Observing these effects, it is interesting to speculate that at least a transient disruption of intestinal barrier functions and microbiota translocation is a primary factor in shaping the relationship between the gut microbiome, the immune system, and cancer.

4.4. Probiotics and the Lung

Probiotics, best known in nutritional therapy, are defined as “live microorganisms, which, when administered in adequate amounts, confer a health benefit on the host” [100]. In the intestine they mainly refer to the genera Lactobacillus and Bifidobacterium and include many different strains such as L. paracasei, L. rhamnosus, L. acidophilus, L. johnsonii, L. fermentum, L. reuteri, L. plantarum, B. longum, B. breve, B. bifidum, and B. animalis subsp. lactis. The same genus does not necessarily involve the same characteristics, due to the great genomic differences between species and also within the different strains of the same species [101].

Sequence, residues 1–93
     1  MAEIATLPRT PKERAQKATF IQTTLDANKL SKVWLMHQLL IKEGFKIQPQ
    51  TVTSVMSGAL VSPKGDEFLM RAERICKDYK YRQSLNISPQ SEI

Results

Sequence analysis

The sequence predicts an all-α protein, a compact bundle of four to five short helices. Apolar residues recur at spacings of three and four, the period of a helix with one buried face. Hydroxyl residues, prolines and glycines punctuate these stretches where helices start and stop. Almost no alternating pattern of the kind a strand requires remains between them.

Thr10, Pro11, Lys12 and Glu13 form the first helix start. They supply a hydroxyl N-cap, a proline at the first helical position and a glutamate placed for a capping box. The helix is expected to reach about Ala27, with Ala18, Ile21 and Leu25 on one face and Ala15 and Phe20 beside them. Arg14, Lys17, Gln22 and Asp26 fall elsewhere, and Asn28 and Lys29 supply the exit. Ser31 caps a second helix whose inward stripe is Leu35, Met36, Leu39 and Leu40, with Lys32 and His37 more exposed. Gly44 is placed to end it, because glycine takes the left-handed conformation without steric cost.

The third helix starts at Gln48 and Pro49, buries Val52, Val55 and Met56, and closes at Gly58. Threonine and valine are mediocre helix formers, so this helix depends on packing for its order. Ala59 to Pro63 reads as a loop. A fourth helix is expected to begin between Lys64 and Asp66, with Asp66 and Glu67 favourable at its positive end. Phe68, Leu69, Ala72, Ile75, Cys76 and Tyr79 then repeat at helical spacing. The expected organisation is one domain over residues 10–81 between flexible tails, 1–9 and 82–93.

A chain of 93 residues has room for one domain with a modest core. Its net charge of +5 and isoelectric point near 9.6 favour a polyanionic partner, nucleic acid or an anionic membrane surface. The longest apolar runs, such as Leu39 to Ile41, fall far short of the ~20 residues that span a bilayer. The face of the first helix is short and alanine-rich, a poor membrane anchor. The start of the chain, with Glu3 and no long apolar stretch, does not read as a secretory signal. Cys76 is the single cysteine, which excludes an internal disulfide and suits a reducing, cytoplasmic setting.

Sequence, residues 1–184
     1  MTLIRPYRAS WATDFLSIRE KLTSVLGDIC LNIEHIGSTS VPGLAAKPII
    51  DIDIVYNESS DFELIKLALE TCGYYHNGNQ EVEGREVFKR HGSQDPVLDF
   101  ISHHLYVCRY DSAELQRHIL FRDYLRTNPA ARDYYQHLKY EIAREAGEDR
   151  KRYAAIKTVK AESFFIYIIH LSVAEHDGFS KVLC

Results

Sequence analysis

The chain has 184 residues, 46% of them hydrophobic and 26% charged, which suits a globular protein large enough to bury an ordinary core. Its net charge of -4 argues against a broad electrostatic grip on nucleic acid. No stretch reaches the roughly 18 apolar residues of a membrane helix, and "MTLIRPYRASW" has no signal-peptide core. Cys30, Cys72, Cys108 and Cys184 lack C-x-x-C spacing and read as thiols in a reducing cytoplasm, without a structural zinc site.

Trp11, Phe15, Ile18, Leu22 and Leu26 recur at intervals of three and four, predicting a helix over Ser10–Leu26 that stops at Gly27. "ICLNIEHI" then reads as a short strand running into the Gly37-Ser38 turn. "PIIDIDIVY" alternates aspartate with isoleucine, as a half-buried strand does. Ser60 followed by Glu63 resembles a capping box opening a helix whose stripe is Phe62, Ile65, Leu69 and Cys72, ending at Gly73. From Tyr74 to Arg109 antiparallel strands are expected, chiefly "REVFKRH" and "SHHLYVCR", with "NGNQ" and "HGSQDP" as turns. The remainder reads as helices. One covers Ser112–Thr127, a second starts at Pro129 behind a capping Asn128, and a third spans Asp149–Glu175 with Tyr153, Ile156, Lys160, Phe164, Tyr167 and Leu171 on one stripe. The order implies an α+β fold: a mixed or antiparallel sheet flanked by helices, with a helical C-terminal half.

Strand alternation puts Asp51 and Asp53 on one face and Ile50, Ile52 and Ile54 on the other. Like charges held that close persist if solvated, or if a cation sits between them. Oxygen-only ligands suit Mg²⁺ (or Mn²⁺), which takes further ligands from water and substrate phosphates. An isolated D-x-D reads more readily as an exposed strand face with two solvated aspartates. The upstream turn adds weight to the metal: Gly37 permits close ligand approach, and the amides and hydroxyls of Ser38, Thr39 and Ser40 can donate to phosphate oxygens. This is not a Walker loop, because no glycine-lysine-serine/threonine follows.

Although the first evidence of probiotic influence on lung cancer was seen in 1985 [102], probiotics only recently reemerged in the field of lung oncology as a possible new therapy and is already showing highly promising results. Using different mouse lung cancer models, conventional therapies (a combination of platinum-based agents with paclitaxel, gemcitabine, vinorelbine, or docetaxel, which all have high toxicity [103]) were combined with specific probiotic strains or, conversely, the antibiotic eradication of microbiota, to assess the effect of chemotherapy.